We've all heard of farm-to-table. The concept of bringing fresh farm produce to your dinner table has dominated the culinary world, and our own Los Angeles restaurant scene, for the past decade. But René Redzepi, the chef at Noma — the lauded Nordic restaurant in Copenhagen known for foraging and fermenting — is about to turn the familiar concept on its head.
Redzepi is closing Noma, his 12-year-old restaurant that was named Restaurant Magazine's best restaurant in the world four times, and plans to reopen it as an urban garden, just outside of Christiania, a neighborhood in Copenhagen. The restaurant's last night of service in its current location (in København K) is planned for New Year's Eve 2016.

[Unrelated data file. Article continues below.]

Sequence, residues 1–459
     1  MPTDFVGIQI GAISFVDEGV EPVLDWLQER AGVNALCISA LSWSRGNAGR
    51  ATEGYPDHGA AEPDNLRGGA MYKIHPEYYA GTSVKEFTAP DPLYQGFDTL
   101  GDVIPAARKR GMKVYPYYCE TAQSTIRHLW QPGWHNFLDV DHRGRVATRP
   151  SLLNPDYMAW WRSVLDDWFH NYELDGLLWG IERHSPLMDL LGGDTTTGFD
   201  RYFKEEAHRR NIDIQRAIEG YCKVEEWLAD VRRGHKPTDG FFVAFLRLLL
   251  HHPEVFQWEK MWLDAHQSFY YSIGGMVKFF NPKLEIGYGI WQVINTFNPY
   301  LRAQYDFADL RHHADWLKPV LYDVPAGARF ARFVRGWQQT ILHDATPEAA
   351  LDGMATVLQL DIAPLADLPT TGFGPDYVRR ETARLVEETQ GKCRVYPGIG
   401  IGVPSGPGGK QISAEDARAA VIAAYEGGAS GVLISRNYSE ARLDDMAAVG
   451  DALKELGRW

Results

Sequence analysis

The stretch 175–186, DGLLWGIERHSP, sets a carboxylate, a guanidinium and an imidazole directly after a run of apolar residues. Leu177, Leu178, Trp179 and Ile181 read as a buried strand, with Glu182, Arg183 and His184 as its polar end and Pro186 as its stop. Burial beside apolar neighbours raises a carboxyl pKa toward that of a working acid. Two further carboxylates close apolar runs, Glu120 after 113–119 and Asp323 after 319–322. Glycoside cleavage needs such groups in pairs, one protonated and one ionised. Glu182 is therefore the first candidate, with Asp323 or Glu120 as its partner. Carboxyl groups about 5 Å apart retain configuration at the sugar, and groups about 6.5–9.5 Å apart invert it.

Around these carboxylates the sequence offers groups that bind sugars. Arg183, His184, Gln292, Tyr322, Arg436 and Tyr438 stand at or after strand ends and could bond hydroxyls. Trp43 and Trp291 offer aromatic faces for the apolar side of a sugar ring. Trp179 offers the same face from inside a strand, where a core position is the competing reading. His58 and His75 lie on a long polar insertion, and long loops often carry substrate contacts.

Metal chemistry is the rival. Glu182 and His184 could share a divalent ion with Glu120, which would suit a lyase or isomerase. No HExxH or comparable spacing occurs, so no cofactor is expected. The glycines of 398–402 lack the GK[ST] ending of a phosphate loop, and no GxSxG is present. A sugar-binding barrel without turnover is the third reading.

“It makes sense to do it here,” Redzepi told the New York Times. “It makes sense to have your own farm, as a restaurant of this caliber.”
His ambitions include a greenhouse on the roof and to have at least a portion of the farm float. The restaurant will be located somewhere on the farm property.
Beginning in late December, the staff at Noma will move to Sydney, Australia, to do a pop-up, similar to the sold-out, five-week stint Redzepi and his crew staged in Tokyo earlier this year.
The new Noma, with an entirely new menu and floating farm, is scheduled to reopen in 2017.
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